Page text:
What To Do If Your Identity Has Been Stolen: 5 Crucial Steps
- October 2, 2017
- By: Greenpath Financial Wellness
If something seems amiss—strange collections calls, bills you don’t recognize, a sudden drop in your credit score—you may be a victim of identity theft.
Warning signs of identity theft include:
- unexplained accounts or debts
- fraudulent information on your credit report
- missing bills
- being denied credit for no reason
If you see one or more of these signs, it’s important to act quickly.
Identity theft is a serious crime. Sometimes, victims can resolve the issue quickly with minimal damage to their personal finances and well-being. Other times, it can be a time-consuming, expensive process that has serious impact on your life. That’s why it is so important to take precautions to avoid becoming a victim.
Of course, this is not always possible. So what do you do if you think your identity has been stolen?
Steps To Take If Your Identity Has Been Stolen
1 – Place a ‘fraud alert’ on your credit reports, and check your credit reports regularly.
Fraud alerts can help prevent an identity thief from opening any more accounts in your name. Contact the toll-free fraud number of any of the three consumer reporting companies below or visit their websites (you only need to contact one of the three companies to place an alert on all three).
- TransUnion: 1-800-680-7289, www.transunion.com
- Equifax: 1-800-525-6285, www.equifax.com
- Experian: 1-888-EXPERIAN (397-3742), www.experian.com
2 – Close any accounts that you believe have been tampered with or opened fraudulently.
Call and speak with someone in the security or fraud department of each company. Follow up in writing, and include copies (NOT originals) of supporting documents. Send your letters by certified mail, return receipt requested, so you can document what the company received and when. Keep a file of everything you send and a record of every conversation.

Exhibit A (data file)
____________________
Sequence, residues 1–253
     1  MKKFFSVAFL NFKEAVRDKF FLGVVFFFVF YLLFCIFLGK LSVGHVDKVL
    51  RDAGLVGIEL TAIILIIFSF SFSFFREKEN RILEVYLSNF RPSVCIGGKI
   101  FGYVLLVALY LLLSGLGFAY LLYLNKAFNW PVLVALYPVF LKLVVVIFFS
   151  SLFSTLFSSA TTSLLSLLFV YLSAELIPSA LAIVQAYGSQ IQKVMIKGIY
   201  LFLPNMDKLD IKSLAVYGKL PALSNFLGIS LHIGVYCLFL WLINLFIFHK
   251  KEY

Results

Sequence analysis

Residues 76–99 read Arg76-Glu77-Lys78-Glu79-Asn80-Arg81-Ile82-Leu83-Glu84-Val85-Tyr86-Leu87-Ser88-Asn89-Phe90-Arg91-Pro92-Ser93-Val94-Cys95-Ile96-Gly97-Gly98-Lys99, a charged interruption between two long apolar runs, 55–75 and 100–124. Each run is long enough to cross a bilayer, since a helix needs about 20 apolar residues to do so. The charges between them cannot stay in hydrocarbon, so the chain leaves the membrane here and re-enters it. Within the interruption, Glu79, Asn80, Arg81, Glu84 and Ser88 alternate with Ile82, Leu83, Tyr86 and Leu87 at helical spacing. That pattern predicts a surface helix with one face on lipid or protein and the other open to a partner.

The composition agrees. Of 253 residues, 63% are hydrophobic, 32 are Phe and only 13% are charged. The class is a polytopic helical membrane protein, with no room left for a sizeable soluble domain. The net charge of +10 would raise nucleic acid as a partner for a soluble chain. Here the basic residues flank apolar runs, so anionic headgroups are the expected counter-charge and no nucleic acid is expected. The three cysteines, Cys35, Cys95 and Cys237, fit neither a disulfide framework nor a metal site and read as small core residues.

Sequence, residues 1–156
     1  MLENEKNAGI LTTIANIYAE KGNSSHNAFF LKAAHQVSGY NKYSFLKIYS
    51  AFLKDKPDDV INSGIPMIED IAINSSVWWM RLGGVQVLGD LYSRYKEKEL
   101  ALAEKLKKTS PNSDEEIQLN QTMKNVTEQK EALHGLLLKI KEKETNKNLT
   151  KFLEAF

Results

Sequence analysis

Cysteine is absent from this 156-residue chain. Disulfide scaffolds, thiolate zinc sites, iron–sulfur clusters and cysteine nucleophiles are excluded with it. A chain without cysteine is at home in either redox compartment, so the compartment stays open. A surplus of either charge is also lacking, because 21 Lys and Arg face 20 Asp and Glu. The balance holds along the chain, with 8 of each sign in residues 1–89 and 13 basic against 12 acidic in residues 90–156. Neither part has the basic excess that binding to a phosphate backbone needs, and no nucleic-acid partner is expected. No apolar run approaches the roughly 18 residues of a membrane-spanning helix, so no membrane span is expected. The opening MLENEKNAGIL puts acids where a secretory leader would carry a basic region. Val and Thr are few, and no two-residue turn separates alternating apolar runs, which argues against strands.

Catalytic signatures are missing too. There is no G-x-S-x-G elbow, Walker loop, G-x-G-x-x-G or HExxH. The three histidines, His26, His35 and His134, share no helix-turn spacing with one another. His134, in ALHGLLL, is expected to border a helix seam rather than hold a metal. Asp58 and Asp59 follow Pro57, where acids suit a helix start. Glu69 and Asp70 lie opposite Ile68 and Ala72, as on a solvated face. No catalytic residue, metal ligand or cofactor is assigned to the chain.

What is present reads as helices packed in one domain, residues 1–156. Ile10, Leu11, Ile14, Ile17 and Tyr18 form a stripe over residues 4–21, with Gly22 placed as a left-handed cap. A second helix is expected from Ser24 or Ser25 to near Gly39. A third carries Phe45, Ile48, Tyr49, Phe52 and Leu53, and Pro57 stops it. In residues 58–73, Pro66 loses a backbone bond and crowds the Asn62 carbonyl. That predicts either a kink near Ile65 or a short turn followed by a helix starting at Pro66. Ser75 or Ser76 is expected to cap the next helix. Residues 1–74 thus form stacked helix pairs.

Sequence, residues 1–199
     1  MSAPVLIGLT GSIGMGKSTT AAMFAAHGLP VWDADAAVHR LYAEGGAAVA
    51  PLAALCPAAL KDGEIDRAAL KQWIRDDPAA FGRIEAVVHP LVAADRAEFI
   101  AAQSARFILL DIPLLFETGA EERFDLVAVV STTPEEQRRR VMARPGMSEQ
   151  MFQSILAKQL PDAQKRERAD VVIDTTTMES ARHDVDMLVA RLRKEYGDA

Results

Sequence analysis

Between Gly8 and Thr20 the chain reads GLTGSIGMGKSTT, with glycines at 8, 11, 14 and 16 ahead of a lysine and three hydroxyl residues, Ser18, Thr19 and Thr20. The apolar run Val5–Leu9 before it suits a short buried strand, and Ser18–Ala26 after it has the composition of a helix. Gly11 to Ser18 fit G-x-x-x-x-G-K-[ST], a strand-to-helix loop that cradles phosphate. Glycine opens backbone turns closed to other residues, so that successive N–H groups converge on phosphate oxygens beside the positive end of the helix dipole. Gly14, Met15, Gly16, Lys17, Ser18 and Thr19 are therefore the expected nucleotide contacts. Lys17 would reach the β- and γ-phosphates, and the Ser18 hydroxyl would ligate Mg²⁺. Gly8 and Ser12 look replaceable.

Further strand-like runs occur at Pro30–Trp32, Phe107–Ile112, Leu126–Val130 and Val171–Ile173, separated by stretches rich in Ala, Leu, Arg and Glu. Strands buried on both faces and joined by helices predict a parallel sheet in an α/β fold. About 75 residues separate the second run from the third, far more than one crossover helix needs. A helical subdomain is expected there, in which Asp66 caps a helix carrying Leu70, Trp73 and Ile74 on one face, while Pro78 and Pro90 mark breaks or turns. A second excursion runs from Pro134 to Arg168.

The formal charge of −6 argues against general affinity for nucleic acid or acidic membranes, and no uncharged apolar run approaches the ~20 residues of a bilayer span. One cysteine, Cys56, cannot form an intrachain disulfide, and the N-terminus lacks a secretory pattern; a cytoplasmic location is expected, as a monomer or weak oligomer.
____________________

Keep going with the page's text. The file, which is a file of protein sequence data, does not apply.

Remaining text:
3 – File a complaint with the Federal Trade Commission.
You can do this on their website https://www.ftccomplaintassistant.gov/ or by calling the FTC’s Identity Theft Hotline 1-877-ID-THEFT (438-4338); TTY: 1-866-653-4261. Be sure to call the Hotline to update your complaint if you have any additional information or problems.
4 – File a report with your local police or the police in the community where the identity theft took place.
Call and ask them if you need to file the report in person or if you can do it over the phone or on the internet. When you file your report, bring or attach a copy of your FTC ID Theft Complaint form and any supporting documentation. Ask the officer to attach or incorporate the ID Theft Complaint into their police report.
5 – For fraudulent tax activity, notify the IRS.
If someone filed a tax return using your social security number, notify the Internal Revenue Service (IRS) immediately. According to the IRS, victims or potential victims of identity theft can complete Form 14039, Identity Theft Affidavit to mark their account to identify any questionable activity.
Specialized assistance from the IRS is also available at 800-908-4490.
Preventing Future Identity Theft
There are precautions you can take to avoid becoming a victim of identity theft now and in the future. Make sure to protect your Social Security Number and only give it out when absolutely necessary — like for tax reporting or applying for a loan. You should not give out your personal information over the phone or through the internet unless you have initiated the contact and can verify the source.
When it comes to online security, make sure you are following best practices for shopping safely online, are wary of scammers, and use intricate passwords. Paper copies of your personal documents should be securely stored or shredded if you no longer need them.
It is also recommended that you periodically check your credit report to make sure your information is correct and that no one has opened an account in your name.